by Dana Lyons
Based on one measure of volatility, the recent period in the stock market has been the calmest of all-time.
In our habitation within the investment-based social media realm, we have noticed a ongoing discussion between market observers related to the present stock rally. On the one hand, there is a loud chorus from folks (likely many of whom are frustrated non-participants in the rally) pointing out the unusual, and perhaps inorganic, nature of the incessant rally. On the other hand, you have the assured (condescending?) reminders from the other side (i.e., folks “killing it” at the moment) that an upward trajectory is the “normal” course of action for stocks, historically speaking. So which contingent is correct? They both are, to an extent.
Yes, it has been far more typical for stocks to rise than fall over the past 100-plus years. Thus, we should not be surprised by a rally, even in the face of elevated valuations, sentiment, etc. However, an unwillingness to acknowledge the noteworthy, even historic, nature of the current rally, would be an indication of either willful denial or potentially harmful ignorance.
This week, we take a look at some of the ways in which our current rally is truly unique from a broad historical basis. Today, we note the historically placid behavior by the Dow Jones Industrial Average (DJIA), even as it enjoys its interminable ascent. Because, according to at least one measure of volatility, we are witnessing the calmest market in the history of the DJIA.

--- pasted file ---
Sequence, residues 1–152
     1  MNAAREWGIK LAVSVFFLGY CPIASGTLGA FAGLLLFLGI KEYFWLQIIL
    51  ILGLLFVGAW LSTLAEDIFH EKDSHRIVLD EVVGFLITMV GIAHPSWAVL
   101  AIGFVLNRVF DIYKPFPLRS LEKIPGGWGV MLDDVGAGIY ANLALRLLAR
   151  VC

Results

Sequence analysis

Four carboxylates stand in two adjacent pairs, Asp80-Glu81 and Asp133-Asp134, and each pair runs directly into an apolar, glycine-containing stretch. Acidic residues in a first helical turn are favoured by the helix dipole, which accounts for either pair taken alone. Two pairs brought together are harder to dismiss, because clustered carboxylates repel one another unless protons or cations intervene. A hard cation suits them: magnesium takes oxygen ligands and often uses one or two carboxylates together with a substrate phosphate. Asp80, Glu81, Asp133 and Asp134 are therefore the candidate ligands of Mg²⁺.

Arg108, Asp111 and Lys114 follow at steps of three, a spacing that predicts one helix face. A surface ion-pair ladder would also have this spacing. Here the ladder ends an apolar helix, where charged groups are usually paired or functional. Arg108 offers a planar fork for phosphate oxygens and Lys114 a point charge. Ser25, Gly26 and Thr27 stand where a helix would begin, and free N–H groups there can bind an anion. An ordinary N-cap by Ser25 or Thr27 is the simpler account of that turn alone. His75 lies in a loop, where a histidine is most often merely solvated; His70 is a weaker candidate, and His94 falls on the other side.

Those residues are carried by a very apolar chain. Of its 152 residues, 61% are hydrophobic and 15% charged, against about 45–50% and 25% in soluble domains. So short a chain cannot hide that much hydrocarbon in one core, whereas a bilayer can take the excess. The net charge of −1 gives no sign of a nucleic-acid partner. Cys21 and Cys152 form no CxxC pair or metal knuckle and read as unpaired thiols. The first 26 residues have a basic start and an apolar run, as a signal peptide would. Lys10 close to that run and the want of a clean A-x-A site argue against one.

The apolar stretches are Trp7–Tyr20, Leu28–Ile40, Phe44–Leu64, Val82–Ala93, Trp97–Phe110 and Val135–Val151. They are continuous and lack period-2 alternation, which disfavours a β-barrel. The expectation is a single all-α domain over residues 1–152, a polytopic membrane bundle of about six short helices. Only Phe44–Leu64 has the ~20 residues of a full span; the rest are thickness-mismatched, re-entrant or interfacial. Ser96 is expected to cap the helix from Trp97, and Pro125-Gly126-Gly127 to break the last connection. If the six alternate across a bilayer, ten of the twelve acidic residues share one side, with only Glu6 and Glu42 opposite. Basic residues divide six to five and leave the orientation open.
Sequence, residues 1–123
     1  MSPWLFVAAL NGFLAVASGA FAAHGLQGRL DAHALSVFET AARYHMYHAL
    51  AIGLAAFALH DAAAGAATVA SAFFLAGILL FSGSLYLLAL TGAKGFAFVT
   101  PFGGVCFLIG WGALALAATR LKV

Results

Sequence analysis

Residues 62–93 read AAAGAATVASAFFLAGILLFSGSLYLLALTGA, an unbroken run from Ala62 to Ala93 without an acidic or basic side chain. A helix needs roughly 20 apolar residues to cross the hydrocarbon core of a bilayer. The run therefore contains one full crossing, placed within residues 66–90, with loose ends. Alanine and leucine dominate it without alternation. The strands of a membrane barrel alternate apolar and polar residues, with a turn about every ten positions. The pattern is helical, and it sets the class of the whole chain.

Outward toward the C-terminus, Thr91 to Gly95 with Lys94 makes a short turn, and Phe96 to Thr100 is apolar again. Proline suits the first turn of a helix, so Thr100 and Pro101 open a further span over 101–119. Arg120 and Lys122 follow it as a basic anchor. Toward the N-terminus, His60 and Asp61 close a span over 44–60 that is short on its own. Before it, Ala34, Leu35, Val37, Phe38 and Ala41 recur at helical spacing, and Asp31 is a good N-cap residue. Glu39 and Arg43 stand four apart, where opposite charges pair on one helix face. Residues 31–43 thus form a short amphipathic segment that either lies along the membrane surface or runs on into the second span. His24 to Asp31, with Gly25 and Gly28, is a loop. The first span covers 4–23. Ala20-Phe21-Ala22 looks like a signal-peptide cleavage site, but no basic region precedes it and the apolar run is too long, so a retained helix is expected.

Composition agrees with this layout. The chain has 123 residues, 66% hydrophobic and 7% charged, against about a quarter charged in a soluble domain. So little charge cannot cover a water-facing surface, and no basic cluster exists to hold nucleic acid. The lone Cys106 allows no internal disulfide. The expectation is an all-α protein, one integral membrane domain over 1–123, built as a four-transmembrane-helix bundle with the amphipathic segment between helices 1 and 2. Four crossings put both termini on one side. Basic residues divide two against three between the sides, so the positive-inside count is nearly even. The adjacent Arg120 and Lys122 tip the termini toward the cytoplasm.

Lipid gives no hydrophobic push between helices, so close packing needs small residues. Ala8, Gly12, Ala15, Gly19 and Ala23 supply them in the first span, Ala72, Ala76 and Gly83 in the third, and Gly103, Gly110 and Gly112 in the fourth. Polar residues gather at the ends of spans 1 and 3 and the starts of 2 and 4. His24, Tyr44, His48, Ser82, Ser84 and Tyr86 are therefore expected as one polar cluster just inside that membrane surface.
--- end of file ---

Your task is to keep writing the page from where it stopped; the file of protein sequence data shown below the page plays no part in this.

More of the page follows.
The metric is called “Average True Range” and it more accurately measures the greater magnitude of price movement between high to low or from high/low to the close of the previous period. In this case, we are using weekly data on the DJIA and averaging it or the past 21 weeks (a popular period for ATR display).
Historically (going back to the start of our daily data), the average 21-week ATR in the DJIA is about 3.5%. Readings below 1.8% have been exceedingly rare, occurring less than 3% of the time over the last 100-plus years (see the chart below). Those readings truly represent historic extremes in terms of lack of movement in the DJIA. Current readings, however, make those periods seem like roller-coasters.
For instance, one recent reading of the 21-week ATR came in at just 1.32%. That is the tightest ATR on record going back more than 100 years.
Many previous low ATR readings occurred during tight, flat markets. What makes recent readings most noteworthy is the fact that there has been movement in the market – it’s just all been basically to the upside. The fact that ATR is setting record lows reveals just how little downside there has been in stocks recently, i.e., next to none.